This year, Proven Winners came out with its own cuphea hybrid called ‘vermillionaire’.  It is widely available  in local nurseries and big box stores, and online.  In our opinion, it has a different growth habit than ‘David Verity’---it is a little shorter, with smaller leaves and denser foliage, and the flower tubes seem shorter, but still wider than Cuphea ignea, so hummingbirds can and will use it.  Unfortunately, Japanese Beetles are crazy about this plant, much more so than ‘David Verity.’
We are growing both Cuphea ‘vermillionaire’ and Cuphea ‘David Verity’ this season in very close proximity.  We have found that hummingbirds will visit both, but seem to prefer Cuphea ‘David Verity’.  Given how attractive ‘vermillionaire’ is to Japanese Beetles, we will probably only grow Cuphea ‘David Verity’ next season.  Also, we tended to plant overwintered Cuphea ‘David Verity’ plants in the ground and they grow as tall as 3-4 feet depending on how much sun they receive---we are not sure that ‘Vermillionaire’ would be at all useful outside of a container.
-Salvia ‘Amistad’ (Friendship Sage):  Salvia guarantica ‘Black and Blue’ and Salvia ‘Purple Majesty’ were our best blue and purple salvias for hummingbirds for years.  Both had their downfalls, although hummingbirds loved them.  Salvia guaranitica ‘Black and Blue’ was on the short side and only flowered well in full sun (other hybrid will be out next year called Salvia ‘Black and Bloom’ which sports many more flowers per plant than ‘Black and Blue’).  Salvia ‘Purple Majesty’ was a large, lanky plant with huge purple flowers that broke off at the drop of a hat and always required staking and often didn’t bloom until mid-summer.  Well, along came Salvia ‘Amistad’ from Rolando Uria in Argentina.  This breathtakingly beautiful plant improved on all of these issues: it flowers vigorously even in some shade, never breaks off or requires staking (we had a seven foot tall overwintered specimen in our garden last season that stood on its own power!), and is full, and lush, and it flowers continuously all season long (late spring to mid-fall).  We love the look of this plant and how carefree it is, but sadly we only see occasional hummingbirds visiting the flowers.  We still grow Salvia guarantica ‘Black and Blue’ (as well as the species Salvia guarantica without the black flower bracts) and Salvia ‘Purple Majesty’ and see more frequent hummingbird visits.  Because we like the look of all three plants and Salvia ‘Amistad’ is so widely available, we will probably still continue to grow all three plants in the future.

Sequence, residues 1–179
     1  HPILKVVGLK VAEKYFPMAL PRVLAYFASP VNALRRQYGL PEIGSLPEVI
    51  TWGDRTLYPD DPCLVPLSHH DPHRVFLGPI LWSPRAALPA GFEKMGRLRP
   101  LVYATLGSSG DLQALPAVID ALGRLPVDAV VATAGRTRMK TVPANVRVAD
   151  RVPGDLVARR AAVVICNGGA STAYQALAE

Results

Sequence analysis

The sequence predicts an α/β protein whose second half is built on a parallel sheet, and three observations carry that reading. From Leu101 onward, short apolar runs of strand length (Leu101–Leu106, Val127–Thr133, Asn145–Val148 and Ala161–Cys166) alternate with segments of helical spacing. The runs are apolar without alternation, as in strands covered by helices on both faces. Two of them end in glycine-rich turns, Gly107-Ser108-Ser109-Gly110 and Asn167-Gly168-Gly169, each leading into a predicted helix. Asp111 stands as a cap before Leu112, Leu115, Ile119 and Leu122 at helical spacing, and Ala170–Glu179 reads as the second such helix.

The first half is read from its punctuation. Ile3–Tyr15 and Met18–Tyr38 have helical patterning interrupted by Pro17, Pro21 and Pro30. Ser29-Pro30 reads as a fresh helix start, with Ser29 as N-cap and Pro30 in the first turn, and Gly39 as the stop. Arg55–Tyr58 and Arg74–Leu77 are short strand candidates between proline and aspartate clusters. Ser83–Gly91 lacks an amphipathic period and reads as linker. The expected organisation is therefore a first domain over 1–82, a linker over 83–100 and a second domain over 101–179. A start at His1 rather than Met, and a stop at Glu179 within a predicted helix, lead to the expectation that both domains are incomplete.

To muddy the waters even further, there is another purple Salvia on the market and available in many local nurseries called Salvia ‘Brazilian Purple’---we believe it to be a hybrid of Salvia guarantica and Salvia splendens.  It is a very attractive plant that is easy to grow.  If we find it again locally, we may also grow that one despite only limited hummingbird usage in our garden.
-Salvias ‘Wendy’s Wish’, ‘Ember’s Wish’ and ‘Love and Wishes’:  These chance hybrid salvias from Australia are fairly widely available at better local nurseries and online.  They are attractive, easy to grow and resilient  everblooming salvias and are substitutes for more particular and unreliable bloomers such as Salvia involucrata, Salvia ‘Mulberry Jam’, and Salvia buchananii (which are also more obscure plants that are not easy for the average gardener to locate and purchase).  We sense that Salvia splendens is reflected in these Australian hybrid salvias, but Salvia splendens on its own is not a top tier hummingbird plant while these new hybrid forms do reliably  attract hummingbirds (especially when grown as container plants.)  A portion of the sales of these plants is directed  to the Make-A-Wish Foundation, which is a laudable goal.  We will continue to grow these new hybrids as well as the other more difficult to obtain plants mentioned above, as we see many hummingbirds choosing them and they are strikingly attractive.
It is always interesting to try a new plant, especially if you can find it at your local nursery, but you must carefully evaluate it for hummingbird value and other factors such as ease of growing, appeal to destructive insects, and a growth habit that is easy to control, and general attractiveness of the plant.
Many people write to us and say that they are very disappointed by the numbers of hummingbirds visiting their garden despite use of well maintained hummingbird feeders and establishment of an extensive hummingbird garden.  The two questions we might ask are:
-Do you live in an urban, suburban or rural location?  If you live in a city or even a suburb, attracting hummingbirds to your garden no matter what you provide will be much more challenging, but not impossible.  Unlike some of the Western hummingbird species (Anna’s is a good example), Ruby-throated hummingbirds are not really “urban” birds and much prefer the privacy and seclusion of a rural or wooded location or at least a small town setting.
-Do you have good mature tree cover and thick shrubbery on your property?  A moving water source is also very helpful.
We often recommend to people just starting out on this journey of hummingbird attracting that they plant trees on their property as a first step  (if they are not already present.)  We were very lucky---when we moved into our home 17 years ago, we actually had too many trees---the prior owners of our home loved trees and there were many volunteer trees and a few that were diseased and had to be removed immediately.